Horsey v. Heath

| Ohio | Dec 15, 1832

Wright, J.,

delivered the opinion of the court:

If/is not necessary to recapitulate the evidence in this case. It satisfies us that Heath and Littler were jointly concerned in the drove of cattle purchased, and that, the money was borrowed at •the bank on their joint responsibility, and for their joint use and 'benefit, and also that the superior credit and responsibility of Littler was the security most relied upon by the indorsers in lending *323their names to the paper. That Iieath was the active partner, made the purchases, procured the indorsements, some upon blanks, with the assurance that all the names were to be to the notes, and that Littler himself, after he found his name was left off the note, complained that Heath was acting the rascal in leaving his name off with intent to cheat him out of his share of the proceeds of the cattle. That the renewals of the note in bank were in order to conform to the course of business in the bank, *but was in fact, and so understood by all the parties,- only a continuance of the original loan to the partnership. That the complainant, as security for Heath and Littler, has been compelled to pay money, .and that Heath, the survivor, has absconded to parts without the state, and is wholly insolvent.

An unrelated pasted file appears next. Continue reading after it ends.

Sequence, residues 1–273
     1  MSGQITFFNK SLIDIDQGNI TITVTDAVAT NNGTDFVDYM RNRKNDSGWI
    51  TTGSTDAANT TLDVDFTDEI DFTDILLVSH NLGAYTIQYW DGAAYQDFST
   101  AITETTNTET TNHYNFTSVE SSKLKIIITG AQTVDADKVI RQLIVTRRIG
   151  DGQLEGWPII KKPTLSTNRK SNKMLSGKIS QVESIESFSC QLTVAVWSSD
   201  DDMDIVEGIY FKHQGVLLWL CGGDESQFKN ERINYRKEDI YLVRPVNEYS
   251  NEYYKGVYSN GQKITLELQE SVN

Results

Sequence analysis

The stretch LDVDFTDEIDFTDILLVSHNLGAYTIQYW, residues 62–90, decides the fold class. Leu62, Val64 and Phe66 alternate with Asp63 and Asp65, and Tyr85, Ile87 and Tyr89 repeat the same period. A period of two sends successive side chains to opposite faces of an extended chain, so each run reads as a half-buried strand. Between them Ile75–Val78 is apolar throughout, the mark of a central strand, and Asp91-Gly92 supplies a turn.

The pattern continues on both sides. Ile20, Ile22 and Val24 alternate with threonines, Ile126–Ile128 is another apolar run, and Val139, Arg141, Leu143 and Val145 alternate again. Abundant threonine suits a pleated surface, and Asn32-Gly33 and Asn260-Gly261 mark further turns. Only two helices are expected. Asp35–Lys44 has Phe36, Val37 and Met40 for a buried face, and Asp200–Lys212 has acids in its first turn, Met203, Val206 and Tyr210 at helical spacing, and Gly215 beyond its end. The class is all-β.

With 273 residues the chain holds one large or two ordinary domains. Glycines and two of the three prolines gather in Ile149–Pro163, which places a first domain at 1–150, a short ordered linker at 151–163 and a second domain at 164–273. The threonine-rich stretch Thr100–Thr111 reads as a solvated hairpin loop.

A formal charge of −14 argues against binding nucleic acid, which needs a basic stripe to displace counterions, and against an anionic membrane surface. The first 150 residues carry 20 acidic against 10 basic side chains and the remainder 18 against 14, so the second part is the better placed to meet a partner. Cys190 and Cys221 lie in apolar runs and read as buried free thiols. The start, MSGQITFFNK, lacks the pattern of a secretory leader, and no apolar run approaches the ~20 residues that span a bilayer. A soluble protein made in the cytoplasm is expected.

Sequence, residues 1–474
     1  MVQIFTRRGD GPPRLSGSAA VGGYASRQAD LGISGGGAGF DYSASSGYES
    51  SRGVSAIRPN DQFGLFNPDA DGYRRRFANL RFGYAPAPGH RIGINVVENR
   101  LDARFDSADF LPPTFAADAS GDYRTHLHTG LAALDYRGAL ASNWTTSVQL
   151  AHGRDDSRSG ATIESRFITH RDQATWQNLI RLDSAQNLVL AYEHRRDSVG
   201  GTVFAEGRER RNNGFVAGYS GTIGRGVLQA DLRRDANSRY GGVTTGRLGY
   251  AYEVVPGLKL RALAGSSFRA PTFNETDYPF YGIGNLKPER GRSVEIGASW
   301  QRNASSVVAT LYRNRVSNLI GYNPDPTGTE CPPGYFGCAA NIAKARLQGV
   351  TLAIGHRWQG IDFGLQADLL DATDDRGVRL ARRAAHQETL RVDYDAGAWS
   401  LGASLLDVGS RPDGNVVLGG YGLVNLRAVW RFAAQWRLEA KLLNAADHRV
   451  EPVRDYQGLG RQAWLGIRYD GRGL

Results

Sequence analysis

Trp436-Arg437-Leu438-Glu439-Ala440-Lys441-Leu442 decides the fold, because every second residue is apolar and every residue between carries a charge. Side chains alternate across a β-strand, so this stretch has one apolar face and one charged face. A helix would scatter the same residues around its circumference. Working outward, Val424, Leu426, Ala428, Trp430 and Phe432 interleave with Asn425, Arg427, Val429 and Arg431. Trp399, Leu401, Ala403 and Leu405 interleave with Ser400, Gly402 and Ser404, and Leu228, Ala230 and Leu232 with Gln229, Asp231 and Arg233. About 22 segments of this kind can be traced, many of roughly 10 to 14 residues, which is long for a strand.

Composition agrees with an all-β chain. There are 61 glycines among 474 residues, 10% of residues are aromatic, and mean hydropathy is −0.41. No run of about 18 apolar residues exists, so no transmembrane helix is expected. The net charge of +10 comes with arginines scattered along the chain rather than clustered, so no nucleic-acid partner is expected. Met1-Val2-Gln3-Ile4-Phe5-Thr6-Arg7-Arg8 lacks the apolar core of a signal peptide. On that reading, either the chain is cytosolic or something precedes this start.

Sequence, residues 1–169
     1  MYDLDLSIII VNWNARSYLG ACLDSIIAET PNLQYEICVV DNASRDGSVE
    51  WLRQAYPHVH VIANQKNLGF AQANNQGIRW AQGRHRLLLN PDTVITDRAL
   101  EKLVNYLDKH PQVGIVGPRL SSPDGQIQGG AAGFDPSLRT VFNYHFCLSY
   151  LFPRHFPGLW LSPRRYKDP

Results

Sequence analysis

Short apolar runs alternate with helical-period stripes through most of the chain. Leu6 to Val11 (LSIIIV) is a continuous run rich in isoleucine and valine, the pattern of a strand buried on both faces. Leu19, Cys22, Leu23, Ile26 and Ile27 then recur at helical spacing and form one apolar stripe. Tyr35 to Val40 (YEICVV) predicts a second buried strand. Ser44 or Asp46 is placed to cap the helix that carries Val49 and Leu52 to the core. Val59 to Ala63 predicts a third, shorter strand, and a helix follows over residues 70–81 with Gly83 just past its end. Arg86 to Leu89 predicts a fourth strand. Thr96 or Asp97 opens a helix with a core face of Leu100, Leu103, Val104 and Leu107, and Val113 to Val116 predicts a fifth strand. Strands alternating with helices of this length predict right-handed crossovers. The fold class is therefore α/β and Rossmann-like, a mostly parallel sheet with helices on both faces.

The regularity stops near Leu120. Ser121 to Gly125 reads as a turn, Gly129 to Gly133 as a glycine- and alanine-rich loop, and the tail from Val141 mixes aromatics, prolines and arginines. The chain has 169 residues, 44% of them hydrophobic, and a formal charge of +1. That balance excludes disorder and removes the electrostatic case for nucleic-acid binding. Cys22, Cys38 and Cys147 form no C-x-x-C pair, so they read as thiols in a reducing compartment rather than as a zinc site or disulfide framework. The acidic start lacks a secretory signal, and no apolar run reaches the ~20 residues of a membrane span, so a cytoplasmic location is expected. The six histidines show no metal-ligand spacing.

Upon this state of the case, no good objection to the complainant’s coming upon the estate of Littler is perceived. It is urged that he is bound to pursue the surviving partner, and prosecute at law, to insolvency. We know of no rule in equity winch requires •of a' security the pursuit of claim upon the partnership against •the survivor to judgment, when that survivor is insolvent, has absconded from the country, and it is evident such pursuit would be fruitless. The complainant became bound for Littler as well as Heath, and has been compelled, in consequence, to pay money. Both were equally liable to him, and at law, as well as on the plainest principles of justice, he has a right to proceed against both until made whole, and to recover from either or both. Where ■one of several who are jointly liable dies, leaving a solvent survivor, for good reason the law requires the pursuit of the survivor before you resort to the estate of the deceased; but the insolvency of the survivor, in our opinion, would exonerate the security from such pursuit, for the simple reason that the sole object and end of such pursuit, the obtaining satisfaction, is put beyond attainment by the insolvency; and neither law nor equity requires a vain thing. This would hold even if the survivor were within the jurisdiction of the court, and could be reached and coerced by legal process; and by much stronger and more equitable reasons shall the security be held discharged from the pursuit of an insolvent partner into another jurisdiction, when a solvent estate of the deceased partner within the jurisdiction that can be reached. Justice would seem to require of those representing the estate of .the deceased partner in such cases, to apply the effects of the de*324ceased, which may have been increased by the very money which' the security has been compelled to advance, to make the security whole, and themselves encounter the trouble and expense of pursuit after the copartner liable to contribution. Those having the-benefit should first meet the responsibility, and take the chance of recovery from *those participating with thorn, and not throw both upon one having no benefit, and who merely lent his-name to oblige the deceased, as well as the survivor. We think, that a security, in such a case, may charge an intestate estate in. this court.